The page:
Oral administration of pharmacological doses of vitamins C and E reduces reproductive fitness and impairs the ovarian and uterine functions of female mice.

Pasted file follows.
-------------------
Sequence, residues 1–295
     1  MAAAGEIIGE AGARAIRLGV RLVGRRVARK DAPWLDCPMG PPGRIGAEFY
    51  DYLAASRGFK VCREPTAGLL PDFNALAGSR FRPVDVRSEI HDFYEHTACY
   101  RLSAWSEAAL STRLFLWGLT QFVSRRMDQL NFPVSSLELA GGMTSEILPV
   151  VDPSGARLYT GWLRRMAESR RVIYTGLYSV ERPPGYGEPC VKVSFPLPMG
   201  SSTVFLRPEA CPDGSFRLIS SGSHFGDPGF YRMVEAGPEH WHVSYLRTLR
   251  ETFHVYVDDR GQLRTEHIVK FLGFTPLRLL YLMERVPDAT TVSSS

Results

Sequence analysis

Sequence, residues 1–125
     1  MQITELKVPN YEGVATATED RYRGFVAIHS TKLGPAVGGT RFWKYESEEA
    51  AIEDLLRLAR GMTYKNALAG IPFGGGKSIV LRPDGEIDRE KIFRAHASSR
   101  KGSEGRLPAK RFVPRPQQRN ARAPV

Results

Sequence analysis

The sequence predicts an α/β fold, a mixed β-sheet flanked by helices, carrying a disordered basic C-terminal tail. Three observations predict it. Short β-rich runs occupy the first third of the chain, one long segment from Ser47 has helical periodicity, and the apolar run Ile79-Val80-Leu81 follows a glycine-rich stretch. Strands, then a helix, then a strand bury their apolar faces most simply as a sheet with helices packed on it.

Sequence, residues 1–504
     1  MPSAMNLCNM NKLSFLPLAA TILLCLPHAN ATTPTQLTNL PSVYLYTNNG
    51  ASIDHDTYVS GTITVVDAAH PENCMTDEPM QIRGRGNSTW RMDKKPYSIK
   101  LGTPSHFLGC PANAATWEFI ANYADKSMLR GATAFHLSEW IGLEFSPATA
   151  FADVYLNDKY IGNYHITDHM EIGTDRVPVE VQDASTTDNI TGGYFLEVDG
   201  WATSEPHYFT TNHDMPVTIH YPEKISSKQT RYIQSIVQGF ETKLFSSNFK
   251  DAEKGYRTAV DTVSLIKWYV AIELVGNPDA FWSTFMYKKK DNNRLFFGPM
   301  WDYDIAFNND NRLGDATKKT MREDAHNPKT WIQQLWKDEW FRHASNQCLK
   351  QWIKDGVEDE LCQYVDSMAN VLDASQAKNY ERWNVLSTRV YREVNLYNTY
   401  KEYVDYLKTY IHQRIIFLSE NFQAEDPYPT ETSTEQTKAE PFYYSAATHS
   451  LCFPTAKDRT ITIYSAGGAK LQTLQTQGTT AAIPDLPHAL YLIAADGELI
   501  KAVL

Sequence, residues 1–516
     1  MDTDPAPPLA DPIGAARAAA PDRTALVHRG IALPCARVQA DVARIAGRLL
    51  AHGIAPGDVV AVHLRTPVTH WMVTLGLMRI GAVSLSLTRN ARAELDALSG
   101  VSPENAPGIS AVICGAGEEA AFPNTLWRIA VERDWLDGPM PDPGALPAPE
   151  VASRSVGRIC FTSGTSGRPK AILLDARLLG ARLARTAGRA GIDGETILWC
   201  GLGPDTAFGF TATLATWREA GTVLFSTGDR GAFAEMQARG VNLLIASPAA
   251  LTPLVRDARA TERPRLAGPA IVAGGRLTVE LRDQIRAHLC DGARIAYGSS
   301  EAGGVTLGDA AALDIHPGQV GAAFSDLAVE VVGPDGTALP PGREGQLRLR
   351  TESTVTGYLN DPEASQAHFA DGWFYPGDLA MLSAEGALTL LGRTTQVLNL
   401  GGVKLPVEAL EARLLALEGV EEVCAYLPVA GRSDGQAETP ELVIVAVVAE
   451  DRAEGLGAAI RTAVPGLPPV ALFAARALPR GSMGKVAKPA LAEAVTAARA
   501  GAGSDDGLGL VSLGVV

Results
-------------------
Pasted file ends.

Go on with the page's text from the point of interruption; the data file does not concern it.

This study aims to ascertain whether oral administration of pharmacological doses of Vitamins C and E has any detrimental effect on reproductive fitness of female mice. We fed hybrid female mice from the first day of weaning a standard diet supplemented or not supplemented with pharmacological doses of Vitamins C and E. At the age of 28 weeks, we individually caged females with a male for the rest of their reproductive life. We performed a series of mating experiments to ascertain the number of oocytes ovulated and the potential for embryo development in vitro to the blastocyst stage and in vivo to Day 12 of gestation. The antioxidant diet decreased the frequency of litters, litter size, total number of offspring born and survival of male pups to weaning. This effect was associated with lower number of corpora lutea in the left ovary, decreased percentage of viable fetuses, and higher number of fetal resorptions in the left uterine horn when compared to the control group. The strategy of supplementing the diet with antioxidant vitamins to prevent the age associated decrease in reproductive potential should not be implemented in human beings until a safe and efficient diet is designed.


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